Birthdays: Henry Fielding (1707), Immanuel Kant (1724), Germaine de Stael (1817), Ellen Glasgow (1874), James Norman Hall (1887), Kurt Wiese (1887), Vladimir Nabokov (1899), Paula Fox (1923), Janet Evanovich (1943), Louise Gluck (1943), John Waters (1946), Paul Davies (1946), Wendy Mass (1967), Eileen Christelow (1943), Andrew Hudgins (1951), Chuck Wendig (1976), Marie Phillips (1976),
Kurt Wiese won the Newbery Award for “Young Fu of the Upper Yangtze”
Paula Fox won the 1974 Newbery Award for “The Slave Dancer”
Louise Gluck was the US Poet Laureat from 2003-2004 and won the 2020 Nobel Prize in Literature.
Quote: “One who makes himself a worm cannot complain afterwards if people step on him.” ― Immanuel Kant
“Stories need conflict across the physical, emotional, intellectual and spiritual spectra. Accidents, betrayals, cataclysm, desperation, excess – these are the letters in the alphabet of conflict.” – Chuck Wendig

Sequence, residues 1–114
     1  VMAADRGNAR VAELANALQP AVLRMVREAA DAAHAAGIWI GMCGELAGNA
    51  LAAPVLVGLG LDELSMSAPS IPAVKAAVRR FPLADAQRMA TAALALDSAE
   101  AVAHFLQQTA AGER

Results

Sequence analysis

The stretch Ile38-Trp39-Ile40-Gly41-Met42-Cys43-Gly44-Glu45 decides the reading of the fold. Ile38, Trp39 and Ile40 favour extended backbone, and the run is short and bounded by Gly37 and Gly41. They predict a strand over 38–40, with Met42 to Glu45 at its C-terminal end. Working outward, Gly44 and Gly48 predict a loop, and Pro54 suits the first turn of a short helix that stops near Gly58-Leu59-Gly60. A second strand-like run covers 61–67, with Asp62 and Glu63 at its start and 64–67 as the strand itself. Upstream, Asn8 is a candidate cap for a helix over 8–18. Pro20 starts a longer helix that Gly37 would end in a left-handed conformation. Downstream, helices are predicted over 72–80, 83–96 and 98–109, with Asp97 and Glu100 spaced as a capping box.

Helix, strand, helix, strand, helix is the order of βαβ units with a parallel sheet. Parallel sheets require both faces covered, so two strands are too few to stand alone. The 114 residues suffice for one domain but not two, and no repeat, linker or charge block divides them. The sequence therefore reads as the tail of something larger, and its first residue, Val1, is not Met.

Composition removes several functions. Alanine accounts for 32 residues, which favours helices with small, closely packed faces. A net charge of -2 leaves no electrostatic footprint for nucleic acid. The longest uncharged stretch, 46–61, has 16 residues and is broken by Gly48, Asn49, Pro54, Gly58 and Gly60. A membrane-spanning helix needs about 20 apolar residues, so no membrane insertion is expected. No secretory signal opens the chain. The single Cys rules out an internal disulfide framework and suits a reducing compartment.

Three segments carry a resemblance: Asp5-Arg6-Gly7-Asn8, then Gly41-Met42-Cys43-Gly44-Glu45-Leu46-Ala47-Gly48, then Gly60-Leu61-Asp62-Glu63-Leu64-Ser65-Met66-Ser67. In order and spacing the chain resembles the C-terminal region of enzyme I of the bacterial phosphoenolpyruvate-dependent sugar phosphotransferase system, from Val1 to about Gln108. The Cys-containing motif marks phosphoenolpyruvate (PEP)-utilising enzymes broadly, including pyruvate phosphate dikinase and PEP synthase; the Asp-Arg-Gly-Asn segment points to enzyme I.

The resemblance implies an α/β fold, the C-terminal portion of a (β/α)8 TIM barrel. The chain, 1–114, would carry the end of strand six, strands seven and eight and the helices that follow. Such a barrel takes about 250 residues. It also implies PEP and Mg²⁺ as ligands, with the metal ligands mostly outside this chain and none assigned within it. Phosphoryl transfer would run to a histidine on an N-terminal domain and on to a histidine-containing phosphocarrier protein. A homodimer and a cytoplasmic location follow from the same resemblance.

Tip: Use of I, me, myself: Most people know to say the other person’s name first when it happens at the beginning of a sentence along with “I” (Mark and I saw the CEO), but when it happens in the middle or end, they get confused. (The CEO met with Mark and me). In this case, you can figure it out if you take Mark out of the picture. You wouldn’t say: The CEO met with I. “Me” is needed.” As for “myself” use it only if saying “I” or “me” doesn’t work: I kept the secret to myself.
Jumpstart: You come home late at night after a long, tiring weekend at a conference. All you want is a hot shower, decent food, and your own bed. You pull into your garage and go into the kitchen—to find lights blazing, cameras rolling, and strangers smiling at you. Your friends got together and had your house “remade” for you. It is totally NOT your style. What do you do?